Circular Things

“The most important decision we make is whether we believe we live in a friendly or hostile universe.” –Albert Einstein

Transformational Coach HoustonWe have evidence that the universe is hostile because we know what it feels like when things don’t go the way we want them to.  The question is:  where does the pain come from?

It comes from ourselves.

When the outcome is negative, we beat ourselves up.  “I should have known better.”  “I’m stupid.”  We wait for ourselves around every corner with a big stick to beat ourselves up for making a mistake because that is what’s comfortable.  We’re used to it.

So do we fear the outcome, or do we fear what we do to ourselves when things go awry?

When we believe that the world is hostile, we are always vigilant. We are waiting for the other shoe to drop.  We are tensely anticipating the next attack or bad situation.  We tell ourselves stories about other people:  “He probably thinks I’m a loser.”  “She’s disappointed with my work performance.”  “They think I’m a terrible person.”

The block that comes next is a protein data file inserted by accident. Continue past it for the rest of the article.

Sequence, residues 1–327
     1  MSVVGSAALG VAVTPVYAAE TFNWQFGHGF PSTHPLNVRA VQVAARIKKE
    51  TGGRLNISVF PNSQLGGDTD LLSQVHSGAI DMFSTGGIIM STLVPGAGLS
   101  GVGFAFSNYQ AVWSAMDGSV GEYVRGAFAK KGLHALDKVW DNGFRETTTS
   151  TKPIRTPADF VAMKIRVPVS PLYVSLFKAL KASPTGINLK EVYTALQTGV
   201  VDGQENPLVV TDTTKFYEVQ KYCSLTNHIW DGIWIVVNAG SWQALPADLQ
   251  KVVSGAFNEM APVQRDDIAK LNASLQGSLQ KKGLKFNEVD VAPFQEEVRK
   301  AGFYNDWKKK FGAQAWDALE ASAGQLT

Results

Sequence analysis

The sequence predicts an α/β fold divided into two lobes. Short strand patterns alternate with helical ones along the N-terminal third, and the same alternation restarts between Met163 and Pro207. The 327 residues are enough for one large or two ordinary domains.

In our defense (to our own negative thoughts), we react, we attack or we run away from people and situations and cause conflict.

We create a hostile universe for ourselves.

If we dropped our stories about other people, the world would be friendlier.  If we put down the stick, we would learn to have compassion for ourselves.

Don’t believe everything you hear – this includes your own thoughts.  Question them and get rid of what is stressful.  The universe will suddenly become more and more friendly.

 

 

About Paul Paul Strobl, MBA, CPC


Paul Strobl is a Personal Coach for CEOs and Business Owners focused on running successful businesses in line with their personal values while nurturing personal and professional relationships. He has extensive cross-cultural experience as a location-independent entrepreneur for the past decade and has traveled, lived in or run a business in over 30 countries. Originally from Houston, Texas, he is currently traveling around the Balkans with his bilingual Argentine mutt Sheila.